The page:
signed and dated lower left: Alfred Stevens 84 and titled on reverse
Sent by the artist to Van der Donck, 18 October 1884
Sale, E. Le Roy, 14 Dec 1886
Georges I. Seney, his sale, American Art Association, NY, 13 Feb 1891, no. 252.
Posthumous sale G. I. Seney, American Art Association, NY, 7-9 Feb 1894, no. 299.
Ketelaers, his sale, Galerie Giroux, 9 Feb 1921, no. 44.
Private collection, Belgium
1891, American Art Galleries, NY, coll. Seney
1894, American Art Galleries, NY, succession Seney
Christiane Lefebvre, Alfred Stevens, 1823-1906, Paris: Brame & Lorenceau Editions, 2006, ill. p. 157 (listed as Regardant filer un vapeur).
Probably no. 49, Vue du havre, 1884, in Gustave Van Zype, Les Freres Stevens, Brussels, 1936, p. 102. (Listed as in Coll. Bender, Paris, but given without dimensions.)
At the beginning of the 1880's, Alfred Stevens' career was at its peak. In 1880 he had sold the sumptuous Le salon de l'artiste to William K. Vanderbilt for 50,000 francs, then a princely sum. He had been forced to sell his elegant house and garden on the Rue des Martyrs, owing to the city's public works program, but he had received 300,000 francs in compensation and was, one would assume, flush from the sale. One slight cloud on the horizon was that his physician, Dr. Peter, had told him to seek the sea air for his health. Hence for the next six years he went to Sainte-Adresse for two months of the year. This was a blessing in disguise, for he was offered a contract by Georges Petit for his annual production of marine paintings at 50,000 francs a year. The agreement was presumably for the small marines which were executed very rapidly at all times of day and in all kinds of weather, usually looking out to sea, sometimes with figures on the shore. They represent Stevens at his most impressionistic.
There were other more important pictures, however, that drew upon his more sustained seaside observations. The most famous was La veuve et ses enfants which was commissioned by the Brussels Museum and was delivered in 1888. At least one other version of this popular picture exists. Another is In Deep Thought of 1881 (St. Louis Art Museum). These pictures show several ladies against the sea with ships in the distance.
But a richer and livelier dimension of Stevens' marine paintings was introduced by the reappearance on the market of La villa des Falaises à Sainte-Adresse in 1996. This picture depicts a dozen persons engaged in a variety of activities at a holiday villa by the seaside, with the sea in the distance. At the center of that picture stands a woman whom we view from behind as she looks out to sea. She wears a striking cream and salmon colored dress with matching hat. On a chair beside her lies a matching scarf and on the floor next to the chair stands an upturned oriental parasol.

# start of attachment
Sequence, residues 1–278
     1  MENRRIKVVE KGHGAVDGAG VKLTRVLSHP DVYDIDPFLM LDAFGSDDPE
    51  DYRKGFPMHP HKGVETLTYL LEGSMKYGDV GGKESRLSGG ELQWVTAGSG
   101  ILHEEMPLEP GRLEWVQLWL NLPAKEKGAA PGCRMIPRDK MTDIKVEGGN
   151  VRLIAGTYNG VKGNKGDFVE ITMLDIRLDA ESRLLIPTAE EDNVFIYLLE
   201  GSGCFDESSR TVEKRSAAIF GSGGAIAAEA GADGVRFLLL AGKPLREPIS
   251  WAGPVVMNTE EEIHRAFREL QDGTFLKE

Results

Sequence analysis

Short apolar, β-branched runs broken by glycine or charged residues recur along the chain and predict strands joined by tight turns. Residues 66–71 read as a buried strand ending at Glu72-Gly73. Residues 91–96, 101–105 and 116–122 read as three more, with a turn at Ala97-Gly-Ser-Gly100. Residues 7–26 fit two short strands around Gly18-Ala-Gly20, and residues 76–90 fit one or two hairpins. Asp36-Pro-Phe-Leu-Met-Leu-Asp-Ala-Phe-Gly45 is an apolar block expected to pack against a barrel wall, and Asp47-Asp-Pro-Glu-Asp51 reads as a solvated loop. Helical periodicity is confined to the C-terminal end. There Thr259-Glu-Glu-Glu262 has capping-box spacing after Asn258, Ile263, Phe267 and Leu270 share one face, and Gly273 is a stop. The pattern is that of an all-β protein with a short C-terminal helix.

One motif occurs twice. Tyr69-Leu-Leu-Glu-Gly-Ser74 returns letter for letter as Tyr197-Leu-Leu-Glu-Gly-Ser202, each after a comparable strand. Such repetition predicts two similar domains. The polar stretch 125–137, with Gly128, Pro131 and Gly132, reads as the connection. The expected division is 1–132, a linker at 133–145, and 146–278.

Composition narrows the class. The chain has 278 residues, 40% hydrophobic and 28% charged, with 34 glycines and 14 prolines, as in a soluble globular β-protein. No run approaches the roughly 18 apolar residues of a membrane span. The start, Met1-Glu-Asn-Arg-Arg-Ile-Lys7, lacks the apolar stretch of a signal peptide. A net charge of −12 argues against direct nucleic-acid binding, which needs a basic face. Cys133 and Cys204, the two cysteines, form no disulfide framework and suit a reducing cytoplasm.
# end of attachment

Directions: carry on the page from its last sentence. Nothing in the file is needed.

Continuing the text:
This same figure dominates the canvas of a companion piece Au Havre, a slightly larger picture from this fruitful year (1884), which has also reappeared after many years in a private collection. Now the model is seen close up from the left-front side, her face depicted in profile. Here she wears a scarf, which matches the blouse of her dress and leans on a reddish parasol close in tone to her skirt. The oriental parasol now shades a girl sitting and conversing in the middle distance. The day is breezy, the sea choppy, and the sky is cloudy, suggesting an approaching storm. The girl looks out to see, not in apprehension, but boldly surveying the animated scene. Stevens was a well-known painter of modern life, whose works fetched very large prices. He was good friends with the Impressionist painters and was familiar with the contemporary advances in the rendering of color and light. The year before he had been a pallbearer at Manet's funeral and in the year Au Havre was painted he was on the Manet exhibition committee. But unlike the Impressionists he did not sacrifice form to the rendering of light. Therefore in Au Havre we have another example of Stevens' consummate draftsmanship, as well as his beautiful rendering of color and exquisite taste in costume and detail. Like its companion piece La villa des Falaises, Au Havre is a wonderful glimpse of the Belle Époque on holiday, as recorded by one of its most brilliant painters in what was to be virtually the last decade of his active career.
We are grateful to Professor William A. Coles for his assistance with this note.
Selected Museum Collections:
Musée d’Orsay and Petit Palais, Paris; Royal Museums of Fine Arts of Belgium and Musée Charlier, Brussels; Van Gogh Museum, Amsterdam; Koninklijk Museum voor Schone Kunsten, Antwerp; Walters Art Museum, Baltimore; Museum of Fine Arts, Boston; Szépmüvészeti Múzeum, Budapest; Fitzwilliam Museum, Cambridge; Musée national du Château de Compiègne; Dallas Museum of Art, TX; Museum voor Schone Kunsten, Ghent; The National Gallery, London; Speed Art Museum, Louisville, KY; Musée des Beaux-Arts, Marseilles; Bayerische Staatsgemäldesammlungen, Neue Pinakothek, Munich; Musée des Beaux-Arts Jules Chéret, Nice; Musée des Beaux-Arts, Reims; Ringling Museum of Art, Sarasota, FL; Musée des Beaux-Arts et de la Céramique, Verviers; Sterling and Francine Clark Art Institute, Williamstown;